But hold on, this tax tango has a couple of nuances. A special tax twist awaits if you’re receiving dividends from debt funds through an individual retirement annuity (IRA) scheme. Depending on whether your debt fund resides in a taxable or a non-taxable account, you might encounter a 15% or 5% dividend distribution tax (DDT). Fear not, though – an IRA scheme is like a tax-saving superhero, allowing you to defer taxes on contributions and earnings until the glorious withdrawal day.

Now, let’s globe-trot a bit. If your debt funds venture into foreign debt securities territory, a withholding tax awaits them in the source country. Unless a tax treaty steps in with a benevolent lower rate or an outright exemption, your dividend from US bonds might face a 15% withholding tax in the US. Imagine a tax treaty between South Africa and the US riding to the rescue, reducing or eliminating that withholding tax.

However, here’s the golden rule – the tax treatment of your dividend from debt funds hinges on it being a product of income derived from debt securities, not some other source like capital gains or a return of capital. Stray from this rule; your dividend might be in the ordinary income tax arena, getting taxed at the investor’s marginal tax rate.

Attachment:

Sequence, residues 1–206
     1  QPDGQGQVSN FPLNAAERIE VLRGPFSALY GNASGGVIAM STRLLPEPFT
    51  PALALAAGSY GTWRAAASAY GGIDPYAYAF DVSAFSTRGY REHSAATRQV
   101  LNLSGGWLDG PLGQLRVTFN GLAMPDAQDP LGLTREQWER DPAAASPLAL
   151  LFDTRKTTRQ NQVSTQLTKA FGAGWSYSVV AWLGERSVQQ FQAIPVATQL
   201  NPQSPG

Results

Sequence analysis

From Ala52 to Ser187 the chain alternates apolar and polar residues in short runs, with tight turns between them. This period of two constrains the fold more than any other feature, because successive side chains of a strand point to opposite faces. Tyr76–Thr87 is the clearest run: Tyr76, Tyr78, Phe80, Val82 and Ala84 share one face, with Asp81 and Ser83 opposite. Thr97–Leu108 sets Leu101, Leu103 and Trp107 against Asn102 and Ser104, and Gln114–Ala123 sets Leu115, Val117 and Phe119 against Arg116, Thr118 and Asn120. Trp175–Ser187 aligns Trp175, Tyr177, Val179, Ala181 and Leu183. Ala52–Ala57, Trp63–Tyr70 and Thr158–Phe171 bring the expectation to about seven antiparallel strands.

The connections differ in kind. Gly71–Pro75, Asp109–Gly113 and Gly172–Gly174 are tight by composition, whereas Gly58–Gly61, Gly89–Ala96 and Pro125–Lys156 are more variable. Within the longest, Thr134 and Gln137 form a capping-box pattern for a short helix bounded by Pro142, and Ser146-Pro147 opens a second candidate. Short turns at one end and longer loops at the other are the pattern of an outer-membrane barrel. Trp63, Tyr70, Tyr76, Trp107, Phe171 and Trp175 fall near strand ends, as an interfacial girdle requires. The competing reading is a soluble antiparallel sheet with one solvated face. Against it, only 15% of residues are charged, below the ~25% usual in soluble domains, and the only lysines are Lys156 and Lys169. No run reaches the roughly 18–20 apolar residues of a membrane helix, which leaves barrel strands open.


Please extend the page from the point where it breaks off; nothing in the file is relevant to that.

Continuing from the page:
Essentially, the dividend journey with debt funds is like a tax-free stroll for most investors. However, watch for exceptions – the IRA scheme twist, the foreign source detour, or any unexpected non-debt sources. Before claiming exemptions or deductions, savvy investors would do well to scrutinize the nature and source of their dividends.

## Why Debt Funds Are Better than Equity?

Debt funds form a wise option for an investor who wants to safeguard his money and with some regular income without taking much risk. The investment in this form of fund is completed in fixed-income securities, offering a standard interest, and does not shift too much in value. However, the outstanding feature about them is that they are manageable, and you can regain your cash anytime without any waste. It also spreads its money on different types of fixed-income securities from different sectors and regions. So, if you want to keep your money safe, get regular income, and lower your risk, debt funds could be perfect for you.